Children missing education are vulnerable, often with tough family circumstances, SEN or mental health issues, perhaps at risk of falling into crime, or at risk of abuse or exploitation. Despite this, no national data is collected on these children and many are slipping through the cracks in the system.
A call has been made this week to change this situation after the publication of an in-depth report describing the huge range of family experiences that can lead to children dropping out of or missing education.
Children Missing Education has been produced by the National Children’s Bureau (NCB) with funding from Lankelly Chase and is calling for better local and national data collection.
It also says that the legal definition of “children missing education” is not fit-for-purpose as it does not include many children not receiving an education, such as those who have been illegally excluded.
The report also says that a lack of resources is a barrier to identifying and supporting children missing education and calls for more funding for “cash-strapped” local authorities.
The research comes after the government last year introduced new requirements for sharing information to help local authorities intervene more quickly when children drop out of school.
Schools must now keep more detailed records of pupils who join and leave, and pass this information to their local authority if a pupil is removed from the roll (Children missing in education – a school’s duties, SecEd, November 2016: http://bit.ly/2n9aSMr).
However, despite this, the only indications of the scale of the problem came in 2014, when the NCB published research based on Freedom of Information requests to local authorities. These findings suggested that as many as 14,800 children miss education every day.
This figure includes almost 5,000 children who are awaiting a place in school or some form of alternative provision. Furthermore, on any given day in England, the whereabouts of 3,000 of these children were unknown, it said (Every day, 3,000 children miss education and we have no idea where they are, SecEd, June 2014: http://bit.ly/2mHkxOb).
The latest NCB report says that despite the duty on local authorities to provide education to every child, significant numbers drop off the school roll and do not receive an education at home either.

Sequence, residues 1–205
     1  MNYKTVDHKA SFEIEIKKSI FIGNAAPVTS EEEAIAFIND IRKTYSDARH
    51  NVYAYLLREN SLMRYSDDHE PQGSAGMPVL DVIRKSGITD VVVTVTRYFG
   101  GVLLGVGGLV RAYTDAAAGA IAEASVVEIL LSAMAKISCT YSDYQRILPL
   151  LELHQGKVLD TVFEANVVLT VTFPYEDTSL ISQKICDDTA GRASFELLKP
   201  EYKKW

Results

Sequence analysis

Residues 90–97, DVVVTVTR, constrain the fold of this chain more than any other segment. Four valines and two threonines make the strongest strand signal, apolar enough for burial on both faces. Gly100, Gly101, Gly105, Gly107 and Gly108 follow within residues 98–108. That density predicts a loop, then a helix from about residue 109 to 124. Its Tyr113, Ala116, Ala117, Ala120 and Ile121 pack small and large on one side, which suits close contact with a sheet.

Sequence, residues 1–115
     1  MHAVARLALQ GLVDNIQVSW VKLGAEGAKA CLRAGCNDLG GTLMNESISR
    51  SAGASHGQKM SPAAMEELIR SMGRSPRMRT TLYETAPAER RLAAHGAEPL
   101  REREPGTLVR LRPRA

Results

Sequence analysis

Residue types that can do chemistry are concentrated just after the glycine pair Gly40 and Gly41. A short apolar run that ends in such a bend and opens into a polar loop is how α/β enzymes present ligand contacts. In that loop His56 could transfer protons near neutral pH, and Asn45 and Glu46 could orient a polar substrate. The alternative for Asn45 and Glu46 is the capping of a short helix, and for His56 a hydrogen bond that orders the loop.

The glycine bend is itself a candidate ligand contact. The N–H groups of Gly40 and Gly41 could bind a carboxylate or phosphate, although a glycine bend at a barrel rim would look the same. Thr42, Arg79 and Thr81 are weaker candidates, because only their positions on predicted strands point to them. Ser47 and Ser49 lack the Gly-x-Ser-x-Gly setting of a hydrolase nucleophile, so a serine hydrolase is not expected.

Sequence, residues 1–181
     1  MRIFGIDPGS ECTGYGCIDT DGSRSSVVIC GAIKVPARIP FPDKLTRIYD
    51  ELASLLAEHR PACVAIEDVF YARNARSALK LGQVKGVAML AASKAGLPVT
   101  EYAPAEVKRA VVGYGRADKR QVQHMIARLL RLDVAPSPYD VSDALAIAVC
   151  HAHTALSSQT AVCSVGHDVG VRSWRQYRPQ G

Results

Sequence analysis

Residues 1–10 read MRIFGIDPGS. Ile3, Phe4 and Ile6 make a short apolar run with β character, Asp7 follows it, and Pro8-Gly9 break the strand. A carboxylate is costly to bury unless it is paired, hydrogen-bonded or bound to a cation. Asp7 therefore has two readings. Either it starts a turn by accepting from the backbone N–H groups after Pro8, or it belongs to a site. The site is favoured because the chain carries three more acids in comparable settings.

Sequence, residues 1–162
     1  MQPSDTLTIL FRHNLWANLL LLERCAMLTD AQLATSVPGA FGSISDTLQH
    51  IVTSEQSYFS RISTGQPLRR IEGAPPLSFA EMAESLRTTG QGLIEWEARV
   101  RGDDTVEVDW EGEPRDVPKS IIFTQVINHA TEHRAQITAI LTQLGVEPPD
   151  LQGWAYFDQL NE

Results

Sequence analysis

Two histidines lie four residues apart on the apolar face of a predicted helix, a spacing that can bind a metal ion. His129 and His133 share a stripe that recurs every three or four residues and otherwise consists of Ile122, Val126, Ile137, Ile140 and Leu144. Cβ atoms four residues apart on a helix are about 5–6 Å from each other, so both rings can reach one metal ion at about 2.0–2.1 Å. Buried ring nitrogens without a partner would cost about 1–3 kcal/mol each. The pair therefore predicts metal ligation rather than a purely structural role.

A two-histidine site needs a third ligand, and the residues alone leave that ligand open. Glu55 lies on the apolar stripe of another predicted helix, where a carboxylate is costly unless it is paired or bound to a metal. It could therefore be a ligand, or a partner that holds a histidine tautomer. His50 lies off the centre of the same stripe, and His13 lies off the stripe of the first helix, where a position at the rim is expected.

Many others are still technically enrolled in a school, but are not accessing a full-time curriculum. The report highlights the issue of unofficial, illegal exclusions. For example, it includes the story of one student who was not officially permanently excluded or removed from the roll, but who was sent home with his mother being told that he had been excluded.
The report adds: “Such young people do not appear as children missing education (as they are on a school roll) even though they are not receiving an education. In local authority A, young people who were unofficially excluded from school only came to the attention of the authority once the young person offended and the youth offending team got involved.”
Other reasons children drop-out or miss school, the report states, include family breakdown or domestic violence, with repeated house moves being a common issue. Children in care were often likely to be among those missing education.
Other children drop-out as a result of bullying, especially if it was not being addressed, or due to mental ill health.
Another common theme in the report is a lack of appropriate support for SEND, leading to children dropping out.
The children of parents newly arrived in the UK can also miss education because of language barriers or a lack of understanding of the school admissions system.
The report states: “These factors were often concurrent. Carers might withdraw their child while they resolved a family crisis or because they no longer felt school was the right place for them. Children might also refuse to go. In many cases, children were missing education due to a range of complex, inter-related factors. Often, missing education could be the culmination of a series of events, rather than precipitating any such events.”
The report warns that many of these children are not receiving any alternative provision and older children missing education could be at risk of abuse or exploitation.
One case study in the report is of Amelia, 15, who developed mental health problems after her parents separated and was expelled from school when her behaviour deteriorated. She spent time in and out of schools and PRUs, before the threat of an Attendance Order led to her relationship with her mother breaking down. She stopped spending time at home and was identified by police as being at risk of sexual exploitation after being repeatedly found in cars with men.
The report highlights the key role of schools in re-engaging with children missing education.
However, it adds: “The ability of schools to support children missing education was dependent on the quality of teaching, availability of (suitable) alternative provision, processes for tracking and addressing any changes in attendance, and planning for individual children and their needs.”
Anna Feuchtwang, chief executive of the NCB, said: “It’s unacceptable that tens of thousands of children in England can’t access their fundamental right to an education. These children are often living on the margins, disengaged with school and invisible to other services.
“They are often very vulnerable. Away from the safety and security of school they’re more at risk of abuse and exploitation, taking part in criminal activity, and missing out on support for special educational needs and mental health problems.
“Education is the key to a child’s future. National government must lead the way so that all children get the right support to learn.”